Northern Europe and IcelandEdit
Genetic analyses have revealed links between the Mongolian horse and breeds in Iceland, Scandinavia, Central Europe, and the British Isles. The Mongol horses are believed to have been originally imported from Russia by Swedish traders; this imported Mongol stock subsequently became the basis for the Norwegian Fjord horse and a variety of other Scandinavian breeds, including the Nordland. One of these breeds was eventually exported to Iceland by settlers, producing the modern day Icelandic horse, which bears a strong resemblance to the Mongol horse and lives in much the same way, foraging freely off the land during all seasons. The Exmoor, Scottish Highland, Shetland, and Connemara pony breeds have also been found to be related to the Icelandic horse, suggesting that all these northern European breeds had ancestors that grazed on the steppe of Mongolia.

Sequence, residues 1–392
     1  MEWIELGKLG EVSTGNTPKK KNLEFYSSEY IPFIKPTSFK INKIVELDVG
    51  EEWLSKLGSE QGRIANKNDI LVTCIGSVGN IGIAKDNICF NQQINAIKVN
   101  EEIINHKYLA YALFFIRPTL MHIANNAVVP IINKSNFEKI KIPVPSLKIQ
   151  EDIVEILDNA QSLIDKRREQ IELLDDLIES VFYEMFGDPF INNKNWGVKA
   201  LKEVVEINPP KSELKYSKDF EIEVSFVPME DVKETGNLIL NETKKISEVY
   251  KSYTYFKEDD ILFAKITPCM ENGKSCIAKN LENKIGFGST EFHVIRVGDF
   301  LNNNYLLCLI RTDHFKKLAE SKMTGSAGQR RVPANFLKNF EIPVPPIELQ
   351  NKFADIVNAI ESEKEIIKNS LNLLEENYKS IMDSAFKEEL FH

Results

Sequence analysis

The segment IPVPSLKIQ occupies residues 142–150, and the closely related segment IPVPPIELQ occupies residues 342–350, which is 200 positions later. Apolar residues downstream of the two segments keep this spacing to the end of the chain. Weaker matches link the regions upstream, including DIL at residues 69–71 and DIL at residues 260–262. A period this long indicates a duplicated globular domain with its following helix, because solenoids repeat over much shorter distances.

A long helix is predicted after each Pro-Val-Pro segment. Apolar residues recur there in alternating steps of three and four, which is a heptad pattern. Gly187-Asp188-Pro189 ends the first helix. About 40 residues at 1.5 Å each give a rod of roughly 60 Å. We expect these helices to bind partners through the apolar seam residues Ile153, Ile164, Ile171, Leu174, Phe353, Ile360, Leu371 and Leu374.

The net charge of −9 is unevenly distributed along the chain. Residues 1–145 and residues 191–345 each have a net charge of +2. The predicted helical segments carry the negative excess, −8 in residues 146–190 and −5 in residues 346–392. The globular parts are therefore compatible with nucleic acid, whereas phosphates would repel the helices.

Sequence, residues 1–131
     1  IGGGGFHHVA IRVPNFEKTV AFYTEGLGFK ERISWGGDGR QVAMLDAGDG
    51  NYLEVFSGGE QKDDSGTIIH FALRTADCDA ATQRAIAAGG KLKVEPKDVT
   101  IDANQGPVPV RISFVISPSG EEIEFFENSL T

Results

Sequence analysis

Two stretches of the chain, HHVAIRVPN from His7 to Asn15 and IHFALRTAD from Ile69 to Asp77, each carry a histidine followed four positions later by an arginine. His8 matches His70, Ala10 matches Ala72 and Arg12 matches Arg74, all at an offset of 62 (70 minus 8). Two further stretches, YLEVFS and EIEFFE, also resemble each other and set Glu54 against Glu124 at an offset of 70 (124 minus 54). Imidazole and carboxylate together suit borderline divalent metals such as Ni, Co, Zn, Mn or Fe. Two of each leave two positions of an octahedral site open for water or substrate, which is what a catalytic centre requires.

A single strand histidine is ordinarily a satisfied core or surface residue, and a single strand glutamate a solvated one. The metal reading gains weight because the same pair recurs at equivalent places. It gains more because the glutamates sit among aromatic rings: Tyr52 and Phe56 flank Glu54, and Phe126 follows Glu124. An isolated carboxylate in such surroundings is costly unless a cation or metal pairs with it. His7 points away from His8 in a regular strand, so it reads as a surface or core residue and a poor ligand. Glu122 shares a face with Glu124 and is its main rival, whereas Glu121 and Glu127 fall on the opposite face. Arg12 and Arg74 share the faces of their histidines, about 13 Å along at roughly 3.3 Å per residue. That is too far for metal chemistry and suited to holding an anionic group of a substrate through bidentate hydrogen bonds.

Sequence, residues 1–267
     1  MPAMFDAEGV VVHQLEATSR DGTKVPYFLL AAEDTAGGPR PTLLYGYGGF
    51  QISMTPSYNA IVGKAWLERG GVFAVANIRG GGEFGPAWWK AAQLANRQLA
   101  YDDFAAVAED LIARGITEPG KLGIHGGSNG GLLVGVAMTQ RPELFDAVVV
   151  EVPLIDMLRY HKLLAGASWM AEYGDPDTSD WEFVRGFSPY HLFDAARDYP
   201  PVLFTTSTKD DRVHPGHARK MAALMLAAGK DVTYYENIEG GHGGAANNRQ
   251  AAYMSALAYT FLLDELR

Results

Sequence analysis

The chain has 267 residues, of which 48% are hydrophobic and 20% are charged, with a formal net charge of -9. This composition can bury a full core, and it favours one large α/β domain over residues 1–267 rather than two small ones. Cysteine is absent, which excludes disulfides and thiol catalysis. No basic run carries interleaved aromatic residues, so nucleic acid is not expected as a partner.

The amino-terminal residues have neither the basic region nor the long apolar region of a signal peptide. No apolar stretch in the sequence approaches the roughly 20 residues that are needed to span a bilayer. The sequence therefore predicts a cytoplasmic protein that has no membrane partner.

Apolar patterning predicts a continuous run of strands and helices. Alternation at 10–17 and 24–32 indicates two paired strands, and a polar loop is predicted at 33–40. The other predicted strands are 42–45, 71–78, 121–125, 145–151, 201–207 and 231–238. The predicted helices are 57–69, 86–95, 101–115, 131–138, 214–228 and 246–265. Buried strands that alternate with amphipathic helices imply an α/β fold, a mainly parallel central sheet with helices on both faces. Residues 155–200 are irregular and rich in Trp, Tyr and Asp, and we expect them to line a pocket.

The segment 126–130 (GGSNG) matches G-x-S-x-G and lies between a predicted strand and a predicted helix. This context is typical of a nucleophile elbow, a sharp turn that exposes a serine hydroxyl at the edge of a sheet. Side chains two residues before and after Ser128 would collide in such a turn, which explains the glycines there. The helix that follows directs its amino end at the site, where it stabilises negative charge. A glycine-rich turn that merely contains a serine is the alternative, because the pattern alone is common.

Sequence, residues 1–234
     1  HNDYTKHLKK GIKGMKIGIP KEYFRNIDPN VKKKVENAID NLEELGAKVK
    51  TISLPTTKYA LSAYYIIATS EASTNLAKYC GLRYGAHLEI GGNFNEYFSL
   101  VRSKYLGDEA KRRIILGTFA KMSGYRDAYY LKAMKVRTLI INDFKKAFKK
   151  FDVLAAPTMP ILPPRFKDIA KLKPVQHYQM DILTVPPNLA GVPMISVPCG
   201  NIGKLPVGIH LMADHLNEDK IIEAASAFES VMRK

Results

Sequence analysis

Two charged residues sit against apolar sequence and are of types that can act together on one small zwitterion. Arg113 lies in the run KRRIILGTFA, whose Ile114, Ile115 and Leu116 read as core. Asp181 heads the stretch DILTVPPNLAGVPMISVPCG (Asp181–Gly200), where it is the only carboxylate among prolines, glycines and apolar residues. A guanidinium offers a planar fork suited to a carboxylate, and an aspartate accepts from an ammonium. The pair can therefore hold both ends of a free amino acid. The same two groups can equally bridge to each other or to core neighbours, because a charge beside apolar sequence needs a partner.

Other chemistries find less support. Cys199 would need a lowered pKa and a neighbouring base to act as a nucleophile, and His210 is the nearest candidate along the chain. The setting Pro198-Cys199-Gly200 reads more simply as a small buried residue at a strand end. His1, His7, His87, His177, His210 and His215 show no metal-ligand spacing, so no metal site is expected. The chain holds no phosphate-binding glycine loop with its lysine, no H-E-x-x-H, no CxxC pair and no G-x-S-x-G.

Mongol horses are best known for their role as the war steeds of Genghis Khan. The Mongol soldier relied on his horses to provide him with food, drink, transportation, armor, shoes, ornamentation, bowstring, rope, fire, sport, music, hunting, entertainment, spiritual power, and in case of his death, a mount to ride in the afterlife. Mongol horses made excellent warhorses because of their hardiness, stamina, self-sufficiency, and ability to forage on their own. The main disadvantage of the Mongol horse as a war steed was that it was slower than some of the other breeds it faced on the battlefield. Soldiers preferred to ride lactating mares because they could use them as milk animals. In times of desperation, they would also slit a minor vein in their horse's neck and drain some blood into a cup. This they would drink either "plain" or mixed with milk or water. A Mongol warrior's horse would come at his whistle and follow him around, dog-like. Each warrior would bring a small herd of horses with him (three to five being average, but up to 20) as remounts. They alternated horses so that they always rode a fresh horse.